In nearly every neighborhood there's the Gladys Kravitz, the snoop, who sees all and knows all. In the small town of this poem, that busybody is our very own speaker. Every detail we get about the death in the house across the way is through the eyes and ears of this speaker.
And just in case you fell for the illusion that poet and speaker are one and the same, gotcha. This speaker announces, in line 12, that he used to wonder about the details of death when he was a boy, making him at the time of this poem a man. So, no, our speaker is not Emily Dickinson herself.
A silent and mostly objective observer, this speaker acts as a kind of sentry, watching the traffic in and out of the dead one's house and remarking the hour and its passage. The only shades of sentiment we get from this cool customer is that he thinks the minister is acting bossy, "As if the House were His — And He owned all the Mourners — now —" (14-15) and the undertaker's job is appalling, "the Man / Of the Appalling Trade — (17-18). You get the feeling that what's most galling is that there is a flurry of life and trade and work surrounding an eternal stillness.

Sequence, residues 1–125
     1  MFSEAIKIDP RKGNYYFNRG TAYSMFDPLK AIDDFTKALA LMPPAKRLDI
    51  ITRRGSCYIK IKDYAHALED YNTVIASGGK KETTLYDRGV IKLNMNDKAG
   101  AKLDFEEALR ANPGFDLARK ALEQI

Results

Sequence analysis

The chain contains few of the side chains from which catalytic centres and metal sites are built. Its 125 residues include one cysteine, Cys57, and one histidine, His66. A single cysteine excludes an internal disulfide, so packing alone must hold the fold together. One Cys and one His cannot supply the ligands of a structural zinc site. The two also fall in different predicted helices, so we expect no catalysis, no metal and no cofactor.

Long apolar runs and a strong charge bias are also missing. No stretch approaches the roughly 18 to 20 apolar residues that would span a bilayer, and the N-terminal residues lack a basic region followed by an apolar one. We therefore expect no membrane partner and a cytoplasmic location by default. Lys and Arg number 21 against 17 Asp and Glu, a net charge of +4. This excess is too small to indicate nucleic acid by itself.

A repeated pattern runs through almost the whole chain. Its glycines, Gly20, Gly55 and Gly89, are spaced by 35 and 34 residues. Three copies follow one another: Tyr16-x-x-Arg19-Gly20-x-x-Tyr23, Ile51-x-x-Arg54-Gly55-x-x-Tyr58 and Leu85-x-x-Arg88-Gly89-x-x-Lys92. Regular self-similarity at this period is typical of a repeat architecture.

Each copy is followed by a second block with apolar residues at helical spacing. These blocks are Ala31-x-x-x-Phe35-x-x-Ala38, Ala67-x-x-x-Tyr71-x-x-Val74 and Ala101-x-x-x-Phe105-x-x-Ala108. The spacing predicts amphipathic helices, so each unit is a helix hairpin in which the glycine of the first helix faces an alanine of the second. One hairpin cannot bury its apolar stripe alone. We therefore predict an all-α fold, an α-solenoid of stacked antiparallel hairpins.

The calm plainness of the speaker's language is oddly reassuring, don't you think? The point of view keeps the facts of this death at a safe distance. The only exception is when the mattress is tossed out and the kids scurry from it, thinking the worst. Most of the facts of this death are seen from far enough away (or imagined behind closed doors) that there isn't such an impact. We readers can be just as calm, cool, and collected as our speaker.